We often refer to ABM as a marathon and not a sprint. But while a marathon is measured by crossing the winning line after 26.2 gruelling miles (42.19 km), the success of your ABM strategy can be measured much earlier.
With ABM adoption rates at a record high (61% of companies surveyed in 2020 now have either a full/pilot ABM program), it’s a good time to look at what you should be measuring to know if your ABM strategy is on track.
In this article we’ll explore:
- Why ABM metrics differ from ‘traditional’ Marketing metrics
- The challenge of measuring ABM success
- Why tracking and measuring progress is so important for ABM
- The 3 metrics we believe you should measure - the ‘three Rs’
- How each one of the ‘three Rs’ can be measured in more detail
ABM - The clue is in the name
So what’s different about ABM compared to more ‘traditional’ B2B marketing strategies and how does this impact how it is measured?
Marketing in recent years has seen many companies get ‘high’ on leads - our friends at HubSpot and others changed the Marketing landscape with their inbound methodology that led to a huge increase in Marketing and Sales activity.
But this ‘high’ has been an illusion. Companies have built entire machines around generating hundreds (hell... thousands) of leads.
And Sales apparatus that can deal with them and attempt to close them - “Hey, thanks for downloading our eBook. Would you like a demo?” = hmm...No!
They’ve equally built metrics and Marketing dashboards to justify all this activity - MQLs, SQLs, etc.
Unfortunately, the numbers do not stack up. The conversion rates are abysmal and the true cost of this machine is staggering.
So, that is where ABM comes in.
ABM is all about the ‘A’ of Account-based Marketing - Accounts.
ABM is a focused strategy to win, grow, and retain your most important Accounts.
You choose which Accounts you want.
You choose what you want to achieve from each Account.
And that’s where the metrics should focus. Measuring the engagement of the Accounts that you are targeting as part of your ABM strategy.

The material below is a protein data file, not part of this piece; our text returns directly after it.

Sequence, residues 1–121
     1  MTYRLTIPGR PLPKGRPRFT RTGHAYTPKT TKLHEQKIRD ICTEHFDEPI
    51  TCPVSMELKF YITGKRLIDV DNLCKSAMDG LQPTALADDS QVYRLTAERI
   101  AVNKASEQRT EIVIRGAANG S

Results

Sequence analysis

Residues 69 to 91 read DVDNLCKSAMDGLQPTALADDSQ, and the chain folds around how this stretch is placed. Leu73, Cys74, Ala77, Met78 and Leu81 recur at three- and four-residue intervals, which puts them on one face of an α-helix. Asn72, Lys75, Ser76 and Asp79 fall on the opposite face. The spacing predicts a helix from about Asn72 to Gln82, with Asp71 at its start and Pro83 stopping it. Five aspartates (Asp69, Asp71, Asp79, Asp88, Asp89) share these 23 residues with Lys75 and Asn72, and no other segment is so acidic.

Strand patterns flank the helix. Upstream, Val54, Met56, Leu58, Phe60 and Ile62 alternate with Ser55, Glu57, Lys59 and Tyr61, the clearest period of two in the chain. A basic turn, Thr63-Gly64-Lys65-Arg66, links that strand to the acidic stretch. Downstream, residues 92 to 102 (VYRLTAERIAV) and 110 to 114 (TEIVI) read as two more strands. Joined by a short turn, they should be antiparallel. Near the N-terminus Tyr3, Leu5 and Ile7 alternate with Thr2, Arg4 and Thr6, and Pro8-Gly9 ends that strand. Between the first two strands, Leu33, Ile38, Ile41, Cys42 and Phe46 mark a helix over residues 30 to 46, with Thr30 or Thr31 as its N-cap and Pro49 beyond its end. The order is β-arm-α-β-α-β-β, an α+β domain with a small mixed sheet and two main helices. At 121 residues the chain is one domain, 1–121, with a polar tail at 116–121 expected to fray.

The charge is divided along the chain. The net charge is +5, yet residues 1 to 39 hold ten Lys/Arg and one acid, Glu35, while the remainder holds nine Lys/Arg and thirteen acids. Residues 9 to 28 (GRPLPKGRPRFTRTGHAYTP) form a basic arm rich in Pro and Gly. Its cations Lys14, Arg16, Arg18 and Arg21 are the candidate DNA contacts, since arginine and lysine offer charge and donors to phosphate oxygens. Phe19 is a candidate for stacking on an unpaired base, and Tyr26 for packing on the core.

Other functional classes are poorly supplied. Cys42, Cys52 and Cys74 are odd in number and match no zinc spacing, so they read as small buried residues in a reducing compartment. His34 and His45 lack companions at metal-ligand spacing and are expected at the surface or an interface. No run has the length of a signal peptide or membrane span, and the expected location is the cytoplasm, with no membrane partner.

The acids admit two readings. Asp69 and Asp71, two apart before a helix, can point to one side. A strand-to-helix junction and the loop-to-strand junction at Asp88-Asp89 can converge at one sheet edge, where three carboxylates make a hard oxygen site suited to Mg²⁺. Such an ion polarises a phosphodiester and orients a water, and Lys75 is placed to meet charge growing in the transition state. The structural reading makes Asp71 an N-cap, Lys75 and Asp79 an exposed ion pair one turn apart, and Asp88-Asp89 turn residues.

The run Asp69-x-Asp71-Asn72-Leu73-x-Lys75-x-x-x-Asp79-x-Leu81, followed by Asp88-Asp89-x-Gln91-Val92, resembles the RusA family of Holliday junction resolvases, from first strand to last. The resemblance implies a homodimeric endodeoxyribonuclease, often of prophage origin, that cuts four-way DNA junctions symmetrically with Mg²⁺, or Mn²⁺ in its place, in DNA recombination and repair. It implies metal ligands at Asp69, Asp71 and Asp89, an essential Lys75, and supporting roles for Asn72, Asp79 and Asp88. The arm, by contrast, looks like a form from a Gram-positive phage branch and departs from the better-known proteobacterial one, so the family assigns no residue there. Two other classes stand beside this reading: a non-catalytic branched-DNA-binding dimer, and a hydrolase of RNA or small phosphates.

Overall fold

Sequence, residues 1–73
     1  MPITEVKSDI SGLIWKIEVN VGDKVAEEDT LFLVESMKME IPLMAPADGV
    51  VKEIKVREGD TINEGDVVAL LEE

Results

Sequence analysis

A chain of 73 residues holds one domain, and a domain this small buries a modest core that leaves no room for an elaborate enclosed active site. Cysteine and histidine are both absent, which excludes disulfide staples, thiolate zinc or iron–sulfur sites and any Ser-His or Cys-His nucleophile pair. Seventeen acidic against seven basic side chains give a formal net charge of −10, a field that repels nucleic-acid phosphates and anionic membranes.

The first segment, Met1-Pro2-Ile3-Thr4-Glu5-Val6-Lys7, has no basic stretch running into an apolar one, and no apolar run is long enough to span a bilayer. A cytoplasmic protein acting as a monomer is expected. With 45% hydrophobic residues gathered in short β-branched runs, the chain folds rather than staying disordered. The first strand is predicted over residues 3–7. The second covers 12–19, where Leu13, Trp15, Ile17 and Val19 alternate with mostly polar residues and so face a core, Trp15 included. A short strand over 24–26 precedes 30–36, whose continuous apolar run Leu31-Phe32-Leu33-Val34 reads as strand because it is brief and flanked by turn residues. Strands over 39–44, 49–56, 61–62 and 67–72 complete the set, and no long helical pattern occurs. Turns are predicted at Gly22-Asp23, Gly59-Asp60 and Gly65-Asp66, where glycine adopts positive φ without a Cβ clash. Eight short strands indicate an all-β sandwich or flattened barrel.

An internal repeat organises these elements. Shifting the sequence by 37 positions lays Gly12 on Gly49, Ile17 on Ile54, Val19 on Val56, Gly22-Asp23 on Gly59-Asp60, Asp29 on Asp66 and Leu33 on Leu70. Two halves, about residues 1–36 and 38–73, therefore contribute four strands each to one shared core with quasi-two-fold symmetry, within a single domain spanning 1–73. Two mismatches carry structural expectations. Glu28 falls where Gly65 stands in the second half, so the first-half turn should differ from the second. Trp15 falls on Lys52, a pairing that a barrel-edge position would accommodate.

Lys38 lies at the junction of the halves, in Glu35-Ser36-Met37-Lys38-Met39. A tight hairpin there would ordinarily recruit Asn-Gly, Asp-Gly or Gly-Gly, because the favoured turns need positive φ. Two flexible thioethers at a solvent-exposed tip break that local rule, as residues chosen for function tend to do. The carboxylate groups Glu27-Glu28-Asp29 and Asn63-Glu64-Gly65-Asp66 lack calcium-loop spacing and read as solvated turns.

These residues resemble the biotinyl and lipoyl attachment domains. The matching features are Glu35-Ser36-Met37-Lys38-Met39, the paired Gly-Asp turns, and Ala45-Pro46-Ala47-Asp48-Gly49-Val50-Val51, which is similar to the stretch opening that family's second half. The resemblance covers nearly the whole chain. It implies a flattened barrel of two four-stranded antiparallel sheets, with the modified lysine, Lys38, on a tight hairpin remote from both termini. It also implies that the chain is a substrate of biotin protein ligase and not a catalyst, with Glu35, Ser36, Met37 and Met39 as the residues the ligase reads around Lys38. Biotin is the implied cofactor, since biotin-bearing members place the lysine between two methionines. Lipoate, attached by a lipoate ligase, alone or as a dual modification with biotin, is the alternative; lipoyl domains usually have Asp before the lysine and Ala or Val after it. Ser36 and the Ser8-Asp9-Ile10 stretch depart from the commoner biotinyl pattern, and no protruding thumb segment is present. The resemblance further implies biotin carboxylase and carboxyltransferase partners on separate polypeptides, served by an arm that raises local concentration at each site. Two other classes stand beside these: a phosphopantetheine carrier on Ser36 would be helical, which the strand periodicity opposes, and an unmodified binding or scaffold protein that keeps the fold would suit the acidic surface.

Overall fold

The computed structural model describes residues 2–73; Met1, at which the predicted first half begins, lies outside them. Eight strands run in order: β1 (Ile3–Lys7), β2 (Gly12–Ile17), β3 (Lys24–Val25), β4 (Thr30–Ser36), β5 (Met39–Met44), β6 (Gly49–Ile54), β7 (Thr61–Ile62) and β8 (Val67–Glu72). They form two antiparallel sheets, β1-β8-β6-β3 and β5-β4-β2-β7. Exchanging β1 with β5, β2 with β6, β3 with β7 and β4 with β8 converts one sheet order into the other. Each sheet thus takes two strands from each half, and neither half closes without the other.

ABM is 100% not about quantity - it’s 100% about quality.
Why is ABM a challenge to measure?
We hear this very often. Why is ABM such a challenge to measure?
There are many ways that I could answer that question.
Ultimately, I think it comes down to the nature of Account-based Marketing - it’s an orchestrated strategy with many moving parts, many actors, many roles and this adds a level of complexity that can often seem daunting.
Here are some of the reasons we often hear that ABM is a challenge to measure:
- How do I measure Account engagement?
- How do I align ABM metrics with my overall marketing objectives?
- What do I measure and at what stage?
- How do I measure the performance of each ABM program type (One-to-many, etc.)?
- How do I show that the ABM program is on track to deliver?
- My Marketing team don’t know how to track everything going on
- How do I pull data from all the different MarTech we use?
This can all sound very depressing. And might put some people off starting their ABM journey.
Our advice? Don't let it. The key thing with ABM is that it is a journey.
You don’t have to get everything right from the beginning. You’ll have time as your ABM program matures and the ability of your team improves. That’s the good news.
The 3 metrics of ABM success
As we mentioned earlier, ABM is a marathon. But the good news is that you can measure the successes throughout this journey and not just at the finish line.
Putting in place a robust ABM measurement dashboard allows you to refine your strategy, tweak your tactics and, most importantly, learn.
So what should you measure?
Here at the Agency, we have three metrics.
Only three? The simple answer is yes. The performance of all our ABM programs is measured against the ‘Three Rs’ framework of:
This framework, originally developed by ITSMA, is the bedrock of all our ABM programs.
It is a tried and tested methodology for measuring the impact of your ABM program. It’s a dynamic tool that uncovers insights of the Accounts you are targeting and, most importantly, it aligns your ABM program with the strategic objectives of your C-suite and your overall company strategy to:
- Position your organization as the leader/innovator/etc. in its sector
- Build deep and long-lasting relationships with the accounts that matter most to you
- Maximize (and accelerate) revenue opportunities
So let’s take a look at each element of the ‘Three Rs’ starting with Reputation and how we break down each of these three metrics.
Now, this is an interesting one.
When we think Reputation we often think Brand, and when we think Brand we often think Reputation. Mixing these two terms is very common.
They are different and do occupy different spaces and have different roles. Here are a couple of quick definitions to help us advance the conversation:
A brand generates desire and differentiation and motivates buyers to pay more for your products/services than they might otherwise. A brand is customer-centric, i.e. it is all about relevancy and differentiation.